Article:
Canadians are fed up with ‘tipflation’ and ‘tip creep’ and want employers to pay servers higher wages so they don’t need to tip, says Angus Reed’s new opinion A survey revealed.
online investigation, 62% of Canadians say they are asked to tip more, and 64% say they are asked to tip more often. In a survey conducted from January 31 to February 2, respondents said places that previously didn’t require tips now do.
“Inflation is a specter haunting every aspect of Canadian life as the country emerges from its expansionary monetary policy early in the COVID-19 pandemic. has also had an impact,” said the report.
Gone are the days of the standard tip of 15%, with “tipflation” POS machines offering tips as high as 30%.
More than half of respondents (59%) said they prefer a “service included” model that eliminates tipping in favor of higher employee base salaries. This contrasts with the 2016 survey results, where only 40% preferred this model. Additionally, in 2016, 46% of respondents preferred to receive a tip as part of their experience, while that figure dropped to 32% of her in the 2023 survey.
“This represents a major shift in public opinion towards chips,” said Angus Reed.
However, restaurants may be reluctant to move to the new system. The report cites, for example, that if a restaurant raises prices by 20% in order to raise wages for its employees, it will be taxed on the additional income.
78% of those surveyed said tipping no longer shows appreciation for a job well done, and 73% said tipping forced employers to pay their employees lower wages. says.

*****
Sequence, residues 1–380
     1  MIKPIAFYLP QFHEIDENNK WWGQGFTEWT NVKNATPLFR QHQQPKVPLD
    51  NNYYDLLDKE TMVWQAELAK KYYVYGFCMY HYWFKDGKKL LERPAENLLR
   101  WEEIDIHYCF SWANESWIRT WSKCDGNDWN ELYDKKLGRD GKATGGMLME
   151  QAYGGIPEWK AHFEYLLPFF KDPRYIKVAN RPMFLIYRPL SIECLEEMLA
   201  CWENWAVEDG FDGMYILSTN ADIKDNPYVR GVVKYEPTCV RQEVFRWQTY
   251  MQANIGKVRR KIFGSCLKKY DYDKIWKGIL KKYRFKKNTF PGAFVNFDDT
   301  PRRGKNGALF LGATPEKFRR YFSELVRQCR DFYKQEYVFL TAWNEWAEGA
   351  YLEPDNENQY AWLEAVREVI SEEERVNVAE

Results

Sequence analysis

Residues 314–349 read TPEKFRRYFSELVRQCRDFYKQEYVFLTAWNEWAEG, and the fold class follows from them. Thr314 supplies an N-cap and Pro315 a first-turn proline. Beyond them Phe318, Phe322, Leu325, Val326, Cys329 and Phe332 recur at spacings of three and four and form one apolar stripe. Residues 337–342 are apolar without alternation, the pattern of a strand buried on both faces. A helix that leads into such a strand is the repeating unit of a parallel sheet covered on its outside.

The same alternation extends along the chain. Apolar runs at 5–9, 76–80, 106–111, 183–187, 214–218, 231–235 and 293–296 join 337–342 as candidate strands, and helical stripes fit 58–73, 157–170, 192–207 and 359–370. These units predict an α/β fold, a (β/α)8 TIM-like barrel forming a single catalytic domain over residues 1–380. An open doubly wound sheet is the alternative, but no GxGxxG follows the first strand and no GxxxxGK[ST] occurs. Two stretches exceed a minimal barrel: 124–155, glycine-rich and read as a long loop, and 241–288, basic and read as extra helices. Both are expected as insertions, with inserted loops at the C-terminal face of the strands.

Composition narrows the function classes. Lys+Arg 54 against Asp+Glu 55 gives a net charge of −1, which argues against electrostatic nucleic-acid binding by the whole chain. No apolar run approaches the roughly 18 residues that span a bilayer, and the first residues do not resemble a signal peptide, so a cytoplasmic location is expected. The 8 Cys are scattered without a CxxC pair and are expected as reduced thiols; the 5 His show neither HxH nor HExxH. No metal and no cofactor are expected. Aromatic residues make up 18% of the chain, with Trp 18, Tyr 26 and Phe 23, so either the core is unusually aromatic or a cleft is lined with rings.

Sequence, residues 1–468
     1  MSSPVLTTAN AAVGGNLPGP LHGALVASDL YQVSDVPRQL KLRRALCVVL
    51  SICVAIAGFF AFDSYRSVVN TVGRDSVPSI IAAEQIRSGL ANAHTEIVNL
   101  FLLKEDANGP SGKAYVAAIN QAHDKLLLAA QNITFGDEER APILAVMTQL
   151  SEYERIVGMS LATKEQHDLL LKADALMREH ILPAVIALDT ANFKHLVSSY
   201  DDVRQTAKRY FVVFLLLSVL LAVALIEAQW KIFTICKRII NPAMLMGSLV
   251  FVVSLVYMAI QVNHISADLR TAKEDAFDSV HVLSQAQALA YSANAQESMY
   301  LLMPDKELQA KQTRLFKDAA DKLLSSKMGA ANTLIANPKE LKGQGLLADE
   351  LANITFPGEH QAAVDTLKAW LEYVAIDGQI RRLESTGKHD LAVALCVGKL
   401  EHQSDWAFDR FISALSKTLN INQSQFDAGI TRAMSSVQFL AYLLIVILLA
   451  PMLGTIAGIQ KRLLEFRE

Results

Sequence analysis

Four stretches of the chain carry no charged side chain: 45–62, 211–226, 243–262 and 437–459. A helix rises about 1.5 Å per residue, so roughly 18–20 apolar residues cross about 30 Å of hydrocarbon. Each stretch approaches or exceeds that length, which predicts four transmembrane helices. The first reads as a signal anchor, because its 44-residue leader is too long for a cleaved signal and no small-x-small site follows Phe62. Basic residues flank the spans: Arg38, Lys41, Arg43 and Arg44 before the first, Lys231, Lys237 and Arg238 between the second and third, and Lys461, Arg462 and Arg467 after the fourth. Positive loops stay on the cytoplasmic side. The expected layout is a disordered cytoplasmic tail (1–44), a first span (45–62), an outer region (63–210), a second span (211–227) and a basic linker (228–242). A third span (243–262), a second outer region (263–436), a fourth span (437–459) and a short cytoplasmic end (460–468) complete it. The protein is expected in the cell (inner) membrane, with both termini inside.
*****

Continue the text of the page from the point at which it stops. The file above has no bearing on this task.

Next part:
“It’s worth noting that in Canada, only Quebec has a two-tier minimum wage system that allows businesses to pay less for their work in tips than other businesses. , such a minimum wage gap has closed in recent years,” the report said.
Of the 1,610 adults surveyed, 86% in favor of eliminating rewards feel that employers underpay employees in the current system. Only 53% of those who voted in favor of continuing the reward.
When it comes to tip amounts, Canadians report tipping more than they did in 2016. One in five of hers surveyed (21%) said she left a tip of 20% or more on her last visit to a full-service restaurant. This is more than double her 8%. Percentage of individuals who said so in 2016.
At the bottom end of the scale, 23% of respondents said they were leaving a tip of 14% or less in this year’s poll, well below 44% in 2016.
“Canadians also report ‘chip creep’—Places that may not have previously requested tips add a requirement to their digital payment machines—as a cause of fatigue,” the report states.
Eighty-three percent of respondents say they ask for tips in too many places, and only 13% believe that more tips have improved customer service. 42% of those surveyed said they ate out less because of the extra cost of tipping.
Another important finding is that people in British Columbia are most likely to report “tip creep” (74%) and “tipflation” (73%). On the other hand, people in Atlantic Canada are the least likely to say they are asked to tip higher (42%).
Views of chips also varied according to political affiliation. Canadians who voted for the Conservative Party or Bloc He Quebec in the 2021 federal election tended to tip. His 73% of liberal voters were in favor of a model that included services, as were his 76% of NDP voters.
Opinions on chips also varied by industry. Most of those surveyed said bartenders (64%), barbers (60%) and food delivery drivers (58%) should receive tips. Other types of services, such as a beauty salon employee (47%), a taxi or his Uber driver (47%), or a hotel housekeeper (42%), were also less than half of the respondents. I answered the same.